A few days ago, we had to bid farewell to a loving member of our family; our adorable little dog Nicky. Nicky’s been with us for 17 years, and although she managed to baffle vets as to how healthy she stayed the entire time, this week, old age finally caught up to her.
We originally welcomed Nicky to the family back in 2002, back when I was still in high school. Mum and Dad had promised my sister that if she did exceptionally well in her studies, they would consider getting a dog. And she certainly held them to that.
I had literally no say in the matter. I hadn’t even heard about the discussion beforehand. On the day the family went to the pet store, I was at a friend’s birthday party. When I got home that evening, all the lights were off, but I noticed there was a mysterious cardboard box next to the dining room table.
When I asked “Woah. What is this?”, my sister whispered “We got a puppy!”. I peered into the dark box, and all I could see was a small ball of white fur, breathing slowly. I was like “What?!”, and she said “Her name is Nicky” (Though I thought she said Ninky at the time).
I had a very short response.
I didn’t want a dog! Those things are awful! They chew up your things and they piss on the carpet and they make a lot of noise. Gah!
And that evening, Nicky didn’t even do anything to help herself. She was still nervous after coming to a new home, so in the middle of the night, I got woken up to the sound of her yipping and trying to jump out of the box. I went to try and calm her down, but mum basically said we can’t do anything but leave her in the box for now. Thankfully she calmed down and we were all able to go back to sleep.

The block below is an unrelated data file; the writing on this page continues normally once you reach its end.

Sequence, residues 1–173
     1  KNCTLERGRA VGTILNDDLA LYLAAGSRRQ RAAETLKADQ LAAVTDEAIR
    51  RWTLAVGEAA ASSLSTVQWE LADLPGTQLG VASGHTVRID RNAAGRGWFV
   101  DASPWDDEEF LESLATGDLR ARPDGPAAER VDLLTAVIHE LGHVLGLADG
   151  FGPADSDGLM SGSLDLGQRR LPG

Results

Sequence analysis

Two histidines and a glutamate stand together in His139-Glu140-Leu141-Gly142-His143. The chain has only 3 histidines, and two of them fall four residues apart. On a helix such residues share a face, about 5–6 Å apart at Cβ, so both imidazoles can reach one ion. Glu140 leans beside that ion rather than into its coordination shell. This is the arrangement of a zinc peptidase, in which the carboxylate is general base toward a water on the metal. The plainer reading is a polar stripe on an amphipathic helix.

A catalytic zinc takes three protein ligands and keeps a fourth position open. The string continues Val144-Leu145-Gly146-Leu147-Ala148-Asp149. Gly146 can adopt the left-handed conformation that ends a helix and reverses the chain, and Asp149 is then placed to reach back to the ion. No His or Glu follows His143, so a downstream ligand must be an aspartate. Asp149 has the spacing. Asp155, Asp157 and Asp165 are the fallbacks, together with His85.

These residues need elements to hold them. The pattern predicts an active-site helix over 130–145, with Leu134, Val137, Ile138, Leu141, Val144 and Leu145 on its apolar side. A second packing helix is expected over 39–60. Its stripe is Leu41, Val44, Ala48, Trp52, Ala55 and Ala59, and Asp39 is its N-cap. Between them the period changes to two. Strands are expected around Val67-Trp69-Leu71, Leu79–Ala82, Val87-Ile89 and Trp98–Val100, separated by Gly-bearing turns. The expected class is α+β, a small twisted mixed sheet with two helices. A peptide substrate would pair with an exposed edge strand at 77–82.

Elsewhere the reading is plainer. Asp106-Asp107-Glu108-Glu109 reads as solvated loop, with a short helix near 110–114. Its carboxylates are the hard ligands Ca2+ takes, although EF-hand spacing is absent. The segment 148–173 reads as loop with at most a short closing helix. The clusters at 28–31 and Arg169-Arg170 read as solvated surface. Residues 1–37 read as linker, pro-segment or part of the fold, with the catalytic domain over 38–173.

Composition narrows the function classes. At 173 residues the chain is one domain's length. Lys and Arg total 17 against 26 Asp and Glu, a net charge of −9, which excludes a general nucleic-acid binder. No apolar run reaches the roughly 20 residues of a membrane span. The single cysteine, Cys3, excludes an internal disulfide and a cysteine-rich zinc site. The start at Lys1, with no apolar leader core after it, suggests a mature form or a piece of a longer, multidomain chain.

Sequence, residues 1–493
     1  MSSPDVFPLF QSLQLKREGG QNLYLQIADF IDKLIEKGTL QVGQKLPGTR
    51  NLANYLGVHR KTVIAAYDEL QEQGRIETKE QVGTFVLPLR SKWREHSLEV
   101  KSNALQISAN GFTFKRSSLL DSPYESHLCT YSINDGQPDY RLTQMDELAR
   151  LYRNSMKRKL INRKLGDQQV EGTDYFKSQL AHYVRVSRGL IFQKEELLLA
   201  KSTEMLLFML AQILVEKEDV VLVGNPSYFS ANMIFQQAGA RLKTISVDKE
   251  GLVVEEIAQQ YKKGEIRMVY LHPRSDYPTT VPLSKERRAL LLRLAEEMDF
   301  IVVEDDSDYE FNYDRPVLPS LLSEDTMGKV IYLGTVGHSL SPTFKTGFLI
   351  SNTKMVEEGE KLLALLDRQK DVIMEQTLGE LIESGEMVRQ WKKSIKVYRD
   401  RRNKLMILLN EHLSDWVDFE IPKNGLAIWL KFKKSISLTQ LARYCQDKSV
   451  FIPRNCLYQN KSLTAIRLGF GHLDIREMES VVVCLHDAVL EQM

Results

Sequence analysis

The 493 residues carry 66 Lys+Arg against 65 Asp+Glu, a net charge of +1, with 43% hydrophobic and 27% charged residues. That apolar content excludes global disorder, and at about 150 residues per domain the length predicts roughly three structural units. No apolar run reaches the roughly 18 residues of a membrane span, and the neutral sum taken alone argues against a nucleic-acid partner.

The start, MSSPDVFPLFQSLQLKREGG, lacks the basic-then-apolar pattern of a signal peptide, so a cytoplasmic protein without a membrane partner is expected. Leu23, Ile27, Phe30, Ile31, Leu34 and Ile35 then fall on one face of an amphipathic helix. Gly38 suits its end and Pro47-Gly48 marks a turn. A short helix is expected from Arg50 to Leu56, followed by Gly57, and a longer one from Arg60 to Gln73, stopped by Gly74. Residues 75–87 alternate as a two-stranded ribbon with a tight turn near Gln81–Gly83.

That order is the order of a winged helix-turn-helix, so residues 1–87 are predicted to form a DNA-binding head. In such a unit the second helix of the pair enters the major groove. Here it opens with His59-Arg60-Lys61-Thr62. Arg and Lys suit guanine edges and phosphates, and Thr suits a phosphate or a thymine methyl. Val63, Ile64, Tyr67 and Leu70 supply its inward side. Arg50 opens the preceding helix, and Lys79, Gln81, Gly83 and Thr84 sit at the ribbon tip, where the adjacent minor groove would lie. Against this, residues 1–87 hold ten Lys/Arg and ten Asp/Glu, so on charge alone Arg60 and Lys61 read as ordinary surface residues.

The next day, I got to meet Nicky properly. She was still a puppy then, a tiny little Bichon Frise cross Toy Poodle breed. Apparently when at the pet store, my sister took a liking to her because she was accosting the other puppies in the play pen. My sister said “she had spunk”.
In any case, after getting to hold Nicky for the first time, I fell in love with her. She was very soft and fluffy and incredibly playful. She was an incredibly kind dog. Not once in her life did she ever get angry or bite anything aggressively.
There were a lot of growing pains in the first few years. When she was teething, she chewed up all of the remote controls for the TVs, which pissed me off. And at the start she wasn’t toilet trained, so she once ran behind the TV setup and pooped all over the curtains, which also pissed Dad off.
She hated being left alone. Whenever we would leave the house, she would run outside, stand at the gate and bark at people walking by. It would annoy the neighbors a fair bit. Whenever only one of us was home, Nicky would usually follow us around and lie down for a sleep when were sitting.
Whenever anyone would come home, Nicky would be over the moon. She’d run up to greet them, and if she hadn’t seen them in a particularly long time (my sister and I have lived in other countries multiple times), she would also sometimes start wailing and crying as she was running towards us. The cutest thing in the world.
My family periodically goes out and stays in a house in the WA countryside. I always love these trips because I can take my laptop and do some coding/TV watching in absolute peace. Invariably, when everyone else in the house left to go outside, and I’d still be inside coding, Nicky would race into the room, jump up onto the couch next to me, and promptly go to sleep. This usually totally disrupted my peace and quiet because she was an incredibly loud snorer!
She loved guests. There was not a single person Nicky didn’t like. Whenever a guest came over, Nicky would try and impress them by grabbing the closest piece of fabric nearby (clothing, a hat, a cushion), run over to the person and then whip the fabric around as if trying to kill it. She’d then proudly present her fresh kill to the guest.
While the initial plan was for Nicky to sleep on her own bed, this fell through very quickly. For her entire life, Nicky slept in one of our beds, usually either my sister or my parents. Usually once everyone else got up, I’d still be sleeping in, and so she’d come into my room and let herself into my bed. I’d usually end up going to school/uni with a dog still snoring in my sheets.